Psychospiritual integration frame of reference (FOR) emphasizes the nature of spirituality, the expression of spirituality in every occupation behavior, the nature of spiritual occupation, and the influence of spirituality and spiritual occupations on health and well-being. This FOR defines that spirituality is constructed of an integral harmony of six qualitatively distinct dimensions and each dimension is considered as an ever-expanding continuum with increasing depth and vastness. The six dimensions are:
Becoming: volitionally directed growth of self through active doing and experience,
Meaning: sense of intrinsic purposefulness and vitality, rooted in personal, collective, or transpersonal spaces that inspire the process of living,
Being: pervasive quality that forms the foundation of one’s existence,
Centeredness: nucleus of one’s being, inner stability based on knowing and recognizing,
Connectedness: seeing self as a fluid process embedded within a larger interrelational context, and
Transcendence: comprises of two aspects: drive (the innate drive to find ultimate meaning and happiness) and goal (the state of inner freedom and a consciousness that has grown beyond all ego-identification, suffering, pain, and unwholesome actions).
This FOR aims to expand on current understanding on human occupation by categorizing spiritual activities under the term ‘spiritual occupation’, e.g., prayer, scripture, reading, sing, meditation, etc. This FOR illustrates the dynamic interrelationships connecting occupations. Missing or limitation in one or more of the dimensions influences spiritual occupation order and disorder, and spiritual fulfillment and deprivation. Spiritual disorder includes spiritual deprivation, community spiritual deprivation, impact of spiritual deprivation on individuals and communities, and spiritual latency (one or several dimensions of spirituality is not fully emerged or present in a person or a community).
Frame of reference
Domain of occupation
It intended for use with persons and communities that experience spiritual deprivation due to or resulting in occupation-related problem, or for who wish to explore and realize their full spiritual latency.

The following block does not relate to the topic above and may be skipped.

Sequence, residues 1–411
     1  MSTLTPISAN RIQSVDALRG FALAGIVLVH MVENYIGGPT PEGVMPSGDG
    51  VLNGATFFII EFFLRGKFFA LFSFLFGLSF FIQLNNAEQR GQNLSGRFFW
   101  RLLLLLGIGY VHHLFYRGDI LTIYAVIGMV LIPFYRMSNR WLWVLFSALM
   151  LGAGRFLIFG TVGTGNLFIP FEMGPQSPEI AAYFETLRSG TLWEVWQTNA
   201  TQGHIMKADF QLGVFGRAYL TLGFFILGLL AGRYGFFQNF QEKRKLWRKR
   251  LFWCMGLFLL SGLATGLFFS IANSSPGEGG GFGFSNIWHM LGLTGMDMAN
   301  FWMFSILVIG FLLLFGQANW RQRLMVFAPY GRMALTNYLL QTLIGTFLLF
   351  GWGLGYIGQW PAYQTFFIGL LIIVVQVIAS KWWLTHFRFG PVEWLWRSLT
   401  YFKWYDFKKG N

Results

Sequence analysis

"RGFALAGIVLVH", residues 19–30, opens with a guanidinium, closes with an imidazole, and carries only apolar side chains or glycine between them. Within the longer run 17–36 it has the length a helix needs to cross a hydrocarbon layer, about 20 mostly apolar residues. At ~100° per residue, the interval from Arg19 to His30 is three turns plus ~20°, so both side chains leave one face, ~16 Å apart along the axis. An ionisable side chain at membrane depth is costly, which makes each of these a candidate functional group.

Kang, C. (2003). A psychospiritual integration frame of reference for occupational therapy. Part 1: Conceptual foundations. Australian Occupational Therapy Journal, 50, 92-103.
The fundamental message of this Do-Live-Well framework is “what you do everyday matters”, and they are essential to one’s health and wellbeing. In this framework, there are four main sections, and each represents a building block to “Do-Live-Well". The four sections are (1) dimensions of experience, (2) activity patterns, (3) health and wellbeing outcomes, and (4) forces influencing activity engagement.
This model consists of three dynamic interacting dimensions: exacting (experiences of everyday occupation exceeding one’s actual skills), flowing (experiences with a reasonable match between skills and challenges), and calming (experiences of low challenge, relaxation, boredom, or apathy. These dimensions have different relationship with one another. All of them and their relationships are important to achieve balance in occupational life, and to promote health and well-being.
This model suggests that occupational therapists working with older adults with low vision should extend beyond compensatory techniques (e.g., modifying physical environmental and providing technology) to the community for social integration. Occupational therapists can accompany clients to nearby grocery stores, places of worship and community centers. Occupational therapists can also make recommendation to owners to eliminate environmental barriers and encourage clients to self-advocate.
This framework places spirituality as the core of the person. It regards an individual’s spirit as one’s being, unharmed by injury or illness, rather than as a component. In this framework, spirituality is depicted as two concentric circles surrounding the center. The first circle depicts human center and the second circle depicts personal worldview. The center is defined as the core, the heart, or what is means to be human.
The Meaning Perspectives Transformation Model is characterised by three phases: the trigger phase, the changing phase, and the outcome phase. These three phases move the process of meaning perspective transformation in the physical, emotional, cognitive, or spiritual dimensions. Critical self-reflection acts as a catalyst and represents as a moment of “readiness of change”. This allows clients to identify their assumptions, question meaning, and develop alternative ways of performing.